Allergic Reactions Very Often Tied to Adverse Drug Event Reports

Allergic_Reactions_Tied_to_Adverse_Drug_Event_ReportsA review of a year’s of adverse drug reactions reported to the U.S. Food and Drug Administration (FDA) revealed that drug allergies were the second most commonly reported reaction, overall.

Reports from April 2012 to March 2013 were reviewed and involved almost 150,000 cases. Philly.com’s review, which it shared with medical professionals, found that of the cases reported, drug allergies were the second most popularly reported adverse events. Of these, about 4,000 were deemed severe; 3,079 involved a medical emergency or a disability and 966 involved death. Some 234 different drugs were involved and were associated with four key reactions.

The first category of allergic reactions involved the sometimes deadly anaphylactic shock, which may involve emergency treatment and may involve breathing reactions and a drop in blood pressure that falls to dangerous levels, according to Philly.com. Anaphylactic shock occurs in seconds or minutes following exposure to an allergen such as a bee sting or peanuts, or, in these cases, a medication. If not immediately treated, anaphylactic shock may lead to death and accounted for about 30 percent of the cases deemed severe hypersensitivity cases and 133 of the deaths.

A total of 44 medications were associated with at least 10 cases of anaphylaxis, with Xolair (omalizumab) accounting for the most reports. Xolair is an injectable biologic used in the treatment of asthma or chronic hives and is administered by a doctor. The other drugs Philly.com noted that led to anaphylaxis included non-steroidal anti-inflammatory drugs (NSAIDs) such as Motrin and Advil (ibuprofen) and Aleve and Naprosyn (naproxen), the blood pressure drug Norvasc (amlodipine), and Zestril and Prinivil (lisinopril).

Skin eruptions were also seen as a common drug side effects, some mild, but some of the drugs triggered more potentially life-threatening skin reactions, including Stevens Johnson Syndrome (SJS) and Toxic Epidermal Necrosis (TEN), which are potentially deadly and similar to severe burn cases. During the study period, Philly.com identified 891 potential cases of severe cutaneous reactions, which comprised about 22 percent of all of the severe hypersensitivity cases, including 97 deaths and 35 cases of permanent disability.

The most commonly identified drug that led to the most significant cutaneous reactions was Incivek (telaprevir), an antiviral agent used with two other antivirals in the treatment of chronic hepatitis C. Philly.com identified 131 cases of severe hypersensitivity with this drug, including 14 fatalities and 105 cases of severe reactions, which is more than any other drug in the media outlet’s review. In fact, according to the Infectious Diseases Society of America, Incivek is “markedly inferior to preferred and alternative regimens” over its being “associated with higher rates of serious adverse events.” Other drugs commonly associated with severe skin reactions included Lamictal (lamotrigine), allopurinaol, Cymbalta (duloxetine), vancomycin, Bactrim (sulfamethoxazole/trimethoprim), Dilantin (phenytoin), and Cleocin (clindamycin).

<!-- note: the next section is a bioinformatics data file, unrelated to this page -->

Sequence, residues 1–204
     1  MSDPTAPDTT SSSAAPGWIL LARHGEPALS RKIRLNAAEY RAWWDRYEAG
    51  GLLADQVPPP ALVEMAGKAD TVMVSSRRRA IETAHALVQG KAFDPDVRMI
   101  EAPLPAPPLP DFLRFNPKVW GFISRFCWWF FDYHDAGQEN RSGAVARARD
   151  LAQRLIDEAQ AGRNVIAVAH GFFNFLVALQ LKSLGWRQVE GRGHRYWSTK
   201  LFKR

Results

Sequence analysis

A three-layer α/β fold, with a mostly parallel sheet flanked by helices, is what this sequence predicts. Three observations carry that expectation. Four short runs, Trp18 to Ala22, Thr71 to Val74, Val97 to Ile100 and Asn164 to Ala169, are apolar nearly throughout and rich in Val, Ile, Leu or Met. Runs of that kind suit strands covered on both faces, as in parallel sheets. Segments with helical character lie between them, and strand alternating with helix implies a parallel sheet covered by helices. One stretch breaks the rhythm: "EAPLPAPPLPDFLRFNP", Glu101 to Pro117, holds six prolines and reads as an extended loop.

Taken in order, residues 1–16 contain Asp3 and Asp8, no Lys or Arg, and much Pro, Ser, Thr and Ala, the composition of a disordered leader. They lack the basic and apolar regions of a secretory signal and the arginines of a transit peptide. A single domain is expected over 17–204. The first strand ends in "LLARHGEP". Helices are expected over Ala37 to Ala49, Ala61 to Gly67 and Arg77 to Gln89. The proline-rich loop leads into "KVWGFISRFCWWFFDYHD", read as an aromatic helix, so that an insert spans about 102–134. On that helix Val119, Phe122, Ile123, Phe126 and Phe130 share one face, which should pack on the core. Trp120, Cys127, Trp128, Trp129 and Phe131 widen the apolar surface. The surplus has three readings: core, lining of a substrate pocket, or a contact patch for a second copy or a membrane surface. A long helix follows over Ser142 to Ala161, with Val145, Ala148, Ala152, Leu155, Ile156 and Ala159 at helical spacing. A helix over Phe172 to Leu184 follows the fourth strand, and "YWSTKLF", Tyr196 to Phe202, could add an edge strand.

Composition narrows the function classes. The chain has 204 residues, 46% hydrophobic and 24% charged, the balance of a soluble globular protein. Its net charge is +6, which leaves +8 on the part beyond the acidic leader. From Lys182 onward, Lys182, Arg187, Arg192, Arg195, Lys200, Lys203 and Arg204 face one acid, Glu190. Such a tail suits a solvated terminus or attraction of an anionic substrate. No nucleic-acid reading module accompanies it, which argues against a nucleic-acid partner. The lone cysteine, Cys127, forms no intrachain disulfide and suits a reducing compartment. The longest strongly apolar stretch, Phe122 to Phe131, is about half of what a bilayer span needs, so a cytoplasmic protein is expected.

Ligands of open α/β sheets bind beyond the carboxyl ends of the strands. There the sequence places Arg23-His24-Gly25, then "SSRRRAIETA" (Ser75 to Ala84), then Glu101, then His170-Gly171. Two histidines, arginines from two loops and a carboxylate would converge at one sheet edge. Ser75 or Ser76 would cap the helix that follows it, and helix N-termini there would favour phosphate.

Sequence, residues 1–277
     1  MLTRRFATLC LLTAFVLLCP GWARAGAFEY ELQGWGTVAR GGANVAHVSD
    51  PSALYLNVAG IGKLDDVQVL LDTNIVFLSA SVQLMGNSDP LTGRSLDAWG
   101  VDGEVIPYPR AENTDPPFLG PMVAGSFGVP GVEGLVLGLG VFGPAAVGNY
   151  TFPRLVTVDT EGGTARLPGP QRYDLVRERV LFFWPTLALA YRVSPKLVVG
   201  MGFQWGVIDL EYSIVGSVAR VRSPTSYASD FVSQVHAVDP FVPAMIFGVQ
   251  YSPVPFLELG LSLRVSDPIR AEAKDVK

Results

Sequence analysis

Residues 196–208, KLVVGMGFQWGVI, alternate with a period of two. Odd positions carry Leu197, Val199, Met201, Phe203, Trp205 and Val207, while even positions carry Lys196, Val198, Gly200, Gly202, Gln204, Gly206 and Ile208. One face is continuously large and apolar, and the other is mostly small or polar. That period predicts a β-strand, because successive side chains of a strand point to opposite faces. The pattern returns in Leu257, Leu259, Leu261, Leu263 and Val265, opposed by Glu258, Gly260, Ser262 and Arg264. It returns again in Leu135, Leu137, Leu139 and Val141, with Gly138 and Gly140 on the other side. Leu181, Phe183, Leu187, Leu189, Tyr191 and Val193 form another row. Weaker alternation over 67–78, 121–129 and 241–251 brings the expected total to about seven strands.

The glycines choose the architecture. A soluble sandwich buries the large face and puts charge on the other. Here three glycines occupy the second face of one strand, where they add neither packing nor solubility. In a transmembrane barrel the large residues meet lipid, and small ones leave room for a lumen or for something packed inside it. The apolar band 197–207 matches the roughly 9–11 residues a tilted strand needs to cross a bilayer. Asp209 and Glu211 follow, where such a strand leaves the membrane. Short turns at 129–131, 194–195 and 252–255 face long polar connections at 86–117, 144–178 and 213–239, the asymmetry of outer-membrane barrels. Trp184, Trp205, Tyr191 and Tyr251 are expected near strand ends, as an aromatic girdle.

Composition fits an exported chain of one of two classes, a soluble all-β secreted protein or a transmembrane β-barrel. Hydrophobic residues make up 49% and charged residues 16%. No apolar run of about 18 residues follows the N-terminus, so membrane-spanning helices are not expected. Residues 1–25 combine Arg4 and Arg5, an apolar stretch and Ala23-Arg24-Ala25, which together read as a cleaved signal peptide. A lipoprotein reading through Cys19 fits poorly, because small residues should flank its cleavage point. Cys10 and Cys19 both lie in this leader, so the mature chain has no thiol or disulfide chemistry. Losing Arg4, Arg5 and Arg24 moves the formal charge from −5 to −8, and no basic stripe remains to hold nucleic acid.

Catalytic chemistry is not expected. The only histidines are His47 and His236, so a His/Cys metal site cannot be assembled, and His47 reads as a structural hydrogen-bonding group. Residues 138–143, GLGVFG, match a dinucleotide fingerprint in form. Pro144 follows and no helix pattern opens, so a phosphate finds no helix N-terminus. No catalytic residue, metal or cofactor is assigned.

Angioedema, which is a common reaction typically caused by drugs, foods, and insect bites and which carries a lifetime risk of 15-25 percent in the general population. Reactions include hive-like swelling under the skin around the eyes and lips and, sometimes, involving mucous swelling of membranes, as well as breathing difficulties. Angioedema may be life-threatening if it occurs in the upper airway and blocks breathing. The research revealed 891 cases of severe angioedema associated with linisopril, when given alone and with the diuretic, hydrochlorothiazide. Vasotec (enalapril) and three antibiotics in the class known as the fluoroquinolones—Levaquin (levofloxacin), Avelox (moxifloxacin), and Cipro (ciprofloxacin)—were commonly tied to this reaction; linisopril and Avelox were also tied to cases of anaphylactic shock.

The last category involved atypical reactions that did not fit in the other categories and five out of 10 of the most frequently reported drugs were newer biological products used in the treatment of conditions that include cancer. Tarceva (erlotinib) was associated with more serious hypersensitivity than the other drugs and is used in the treatment of pancreatic cancer and one type of lung cancer in which long-term survival is rare; reports of rash and deaths (461) were numerous, according to Philly.com.

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